What exactly has this to do with free will? You conveniently forgot to mention were free will comes from in the first place.

So here is my proposal: a series of entangled Micky Mice at the synaptic level allow for coordinated firing patterns that occur in response to choices by our conscious free will.

P.S. Sorry, I could not resist. It is not to be taken personally. But you should hold you own theories against the same standards you do with others.

posted by Conny on February 1, 2008 #

If you assume that ‘you’ are defined, then it seems to me that, according to Hawking’s forthcomming artilce, your choices could actually determine their causes.


posted by Seth Russell on February 4, 2008 #

This one tortured me from the age of 15 or so (whenever I saw a Horizon documentary on AI, Searle etc) to midway through university, when I gave up on the dream. This was a huge shakeup for my worldview, and was greatly influenced by hearing Susan Blackmore talk to the philosophy dept here (1992/3 i guess). She had spent years passionately chasing evidence for the paranormal, before regretfully - and bravely - coming to the conclusion that it just wasn’t there. Until I heard her speak I was chasing the same trails, and looking for a story about consciousness via quantum wierdness was (for me) a part of that. Yeah I’d call them Penrosian ideas btw.

Subsequently I’ve come to terms with being composed of inanimate matter, and with my thinking, feeling and remembering (avoiding nouns here helps; Dennett got that from Ryle fwiw) being grounded in fairly ordinary chemistry. I used to find that picture of the world somehow horrible and cold; now I find it strangely beautiful. Rather than being made of ‘mere matter’, I get to think how amazing it is that the only difference between me and my ‘raw ingredients’ is the way I’m arranged. It’s left me with an almost pantheistic outlook…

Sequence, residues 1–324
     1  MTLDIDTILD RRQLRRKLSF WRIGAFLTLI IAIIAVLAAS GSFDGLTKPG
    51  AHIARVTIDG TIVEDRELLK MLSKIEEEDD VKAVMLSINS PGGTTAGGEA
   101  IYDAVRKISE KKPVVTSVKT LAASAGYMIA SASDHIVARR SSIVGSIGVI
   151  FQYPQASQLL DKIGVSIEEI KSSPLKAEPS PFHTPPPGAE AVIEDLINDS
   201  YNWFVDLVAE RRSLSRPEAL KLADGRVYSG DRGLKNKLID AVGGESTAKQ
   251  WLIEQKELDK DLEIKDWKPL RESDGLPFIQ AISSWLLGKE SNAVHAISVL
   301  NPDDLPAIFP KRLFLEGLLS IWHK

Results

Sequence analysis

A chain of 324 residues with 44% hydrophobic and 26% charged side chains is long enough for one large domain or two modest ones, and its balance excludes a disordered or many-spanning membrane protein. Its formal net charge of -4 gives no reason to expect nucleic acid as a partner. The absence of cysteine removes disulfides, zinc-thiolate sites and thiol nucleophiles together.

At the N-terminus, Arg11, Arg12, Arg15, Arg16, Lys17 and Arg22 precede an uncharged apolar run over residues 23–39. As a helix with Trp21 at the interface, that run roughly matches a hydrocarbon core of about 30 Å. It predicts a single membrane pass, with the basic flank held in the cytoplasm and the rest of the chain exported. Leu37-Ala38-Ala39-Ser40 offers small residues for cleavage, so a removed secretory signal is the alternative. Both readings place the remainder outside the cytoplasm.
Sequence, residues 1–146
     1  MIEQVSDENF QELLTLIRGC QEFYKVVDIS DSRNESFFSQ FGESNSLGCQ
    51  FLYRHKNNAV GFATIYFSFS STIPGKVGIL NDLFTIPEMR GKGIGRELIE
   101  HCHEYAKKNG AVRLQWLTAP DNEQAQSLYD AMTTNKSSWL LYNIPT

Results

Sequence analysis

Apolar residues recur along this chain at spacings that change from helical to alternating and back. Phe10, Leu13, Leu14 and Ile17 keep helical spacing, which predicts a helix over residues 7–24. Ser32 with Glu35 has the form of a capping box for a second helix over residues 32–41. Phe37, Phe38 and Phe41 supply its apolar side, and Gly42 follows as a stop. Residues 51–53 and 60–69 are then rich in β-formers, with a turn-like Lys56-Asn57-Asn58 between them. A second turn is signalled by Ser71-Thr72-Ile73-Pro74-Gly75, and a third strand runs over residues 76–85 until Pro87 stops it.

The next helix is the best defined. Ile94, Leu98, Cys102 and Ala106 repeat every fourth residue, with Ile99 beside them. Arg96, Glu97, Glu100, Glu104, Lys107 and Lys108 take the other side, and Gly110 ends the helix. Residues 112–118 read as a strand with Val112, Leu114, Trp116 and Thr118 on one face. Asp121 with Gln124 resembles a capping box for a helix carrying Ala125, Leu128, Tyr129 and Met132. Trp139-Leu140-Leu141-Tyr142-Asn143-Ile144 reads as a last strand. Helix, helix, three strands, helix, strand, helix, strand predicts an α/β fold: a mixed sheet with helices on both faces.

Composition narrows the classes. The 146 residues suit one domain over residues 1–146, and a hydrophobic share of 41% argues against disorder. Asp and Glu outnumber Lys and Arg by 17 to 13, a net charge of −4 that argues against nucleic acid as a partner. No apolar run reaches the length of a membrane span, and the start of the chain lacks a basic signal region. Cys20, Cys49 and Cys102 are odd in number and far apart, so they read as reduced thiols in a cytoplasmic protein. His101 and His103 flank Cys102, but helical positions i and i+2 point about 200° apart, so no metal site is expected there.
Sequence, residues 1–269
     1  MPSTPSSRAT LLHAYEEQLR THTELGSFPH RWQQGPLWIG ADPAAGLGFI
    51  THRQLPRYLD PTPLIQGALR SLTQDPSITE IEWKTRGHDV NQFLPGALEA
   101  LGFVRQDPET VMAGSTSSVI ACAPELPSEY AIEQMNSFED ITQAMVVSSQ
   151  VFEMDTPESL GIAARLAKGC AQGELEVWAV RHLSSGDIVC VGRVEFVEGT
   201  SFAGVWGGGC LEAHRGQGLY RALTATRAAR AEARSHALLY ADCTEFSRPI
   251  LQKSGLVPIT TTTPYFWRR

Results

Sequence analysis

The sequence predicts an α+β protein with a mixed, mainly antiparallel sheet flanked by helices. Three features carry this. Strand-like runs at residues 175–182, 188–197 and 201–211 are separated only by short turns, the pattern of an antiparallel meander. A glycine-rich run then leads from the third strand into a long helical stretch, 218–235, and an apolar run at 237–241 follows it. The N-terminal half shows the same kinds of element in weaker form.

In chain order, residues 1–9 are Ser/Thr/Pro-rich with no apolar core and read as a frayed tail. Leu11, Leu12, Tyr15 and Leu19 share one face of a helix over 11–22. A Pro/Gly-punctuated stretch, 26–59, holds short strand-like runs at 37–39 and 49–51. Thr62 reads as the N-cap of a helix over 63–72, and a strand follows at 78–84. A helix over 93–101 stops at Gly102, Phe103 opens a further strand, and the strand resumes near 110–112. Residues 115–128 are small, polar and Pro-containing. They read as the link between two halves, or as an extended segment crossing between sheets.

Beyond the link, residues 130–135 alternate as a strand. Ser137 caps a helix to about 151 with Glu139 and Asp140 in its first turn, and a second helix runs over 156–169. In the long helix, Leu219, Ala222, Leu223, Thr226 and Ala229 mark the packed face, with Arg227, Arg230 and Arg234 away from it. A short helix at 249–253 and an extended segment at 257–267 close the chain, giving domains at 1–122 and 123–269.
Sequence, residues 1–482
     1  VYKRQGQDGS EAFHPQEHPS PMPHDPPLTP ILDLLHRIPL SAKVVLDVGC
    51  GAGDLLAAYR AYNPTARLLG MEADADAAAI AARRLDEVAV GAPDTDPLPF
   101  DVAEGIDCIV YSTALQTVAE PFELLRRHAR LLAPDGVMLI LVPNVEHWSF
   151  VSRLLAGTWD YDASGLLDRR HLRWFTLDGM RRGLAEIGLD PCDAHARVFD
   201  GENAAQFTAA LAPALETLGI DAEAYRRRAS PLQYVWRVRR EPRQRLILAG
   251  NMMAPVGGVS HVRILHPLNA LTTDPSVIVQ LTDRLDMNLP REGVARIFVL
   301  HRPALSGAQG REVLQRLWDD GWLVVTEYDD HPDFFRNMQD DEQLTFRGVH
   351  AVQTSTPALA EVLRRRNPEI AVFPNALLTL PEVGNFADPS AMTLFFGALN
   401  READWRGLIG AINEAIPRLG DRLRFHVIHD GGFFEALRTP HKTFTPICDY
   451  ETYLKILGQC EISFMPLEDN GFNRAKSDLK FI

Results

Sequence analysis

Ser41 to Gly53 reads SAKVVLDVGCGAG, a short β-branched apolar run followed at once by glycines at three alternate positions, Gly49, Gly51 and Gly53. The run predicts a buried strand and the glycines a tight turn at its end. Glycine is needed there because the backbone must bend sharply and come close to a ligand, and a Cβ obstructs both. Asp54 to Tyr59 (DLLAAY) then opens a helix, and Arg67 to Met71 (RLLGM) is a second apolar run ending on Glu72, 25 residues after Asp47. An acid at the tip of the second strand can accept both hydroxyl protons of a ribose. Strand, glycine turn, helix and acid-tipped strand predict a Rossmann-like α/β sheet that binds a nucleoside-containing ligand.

posted by Dan Brickley on April 1, 2008 #

I do not understand the problem. And this solution with quantum mechanics certainly does not solve anything.

Let’s just assume something: One really smart mind finds out the answer to the question whether there is free will. Now he tells people “Hey, the solution is, there is no free will, its all deterministic”. What would happen? Nothing. Nothing would change - the world would run as it was. So lets assume something else: He finds out that we do have free will. Wow, everyone likes to hear that somehow, but what would actually change? Nothing. Again no one would do anything different just because he knows he has free will. Ok - so for me the conclusion is: There is no difference. Its both the same - free will or not free will, the problem does not exist.

Oh yeah - there is this third option - the guy finds out “well, its all quantum stuff”. Well first of all - I don’t get why anyone would conclude that this “reconciles free will”. By definition it means everything is random. No will at all and no determination. (and I’ve read your other article about it, I think there you pretty much agree at the end). Now what does that solve? Nothing at all.

I think the question you ask is the wrong one. We do have to first find the correct question - then we can try to find the right answer.

posted by Thomas Schmall on October 7, 2009 #

Let’s just assume something: One really smart mind finds out the answer to the question whether there is free will. Now he tells people “Hey, the solution is, there is no free will, its all deterministic”. What would happen? Nothing.

I don’t think that’s quite fair. Imagine someone discovers one day that the Eiffel Tower isn’t connected to the ground. In one sense, this wouldn’t change much — people would still go up in the Eiffel Tower, it would still look nice in photographs, etc. But it would be very fascinating to learn how it managed to stay in one place without being connected to the ground and also why everyone thought it was connected to the ground for so many years.

posted by Aaron Swartz on October 11, 2009 #

You can also send comments by email.

Email (only used for direct replies)
Comments may be edited for length and content.

Powered by theinfo.org.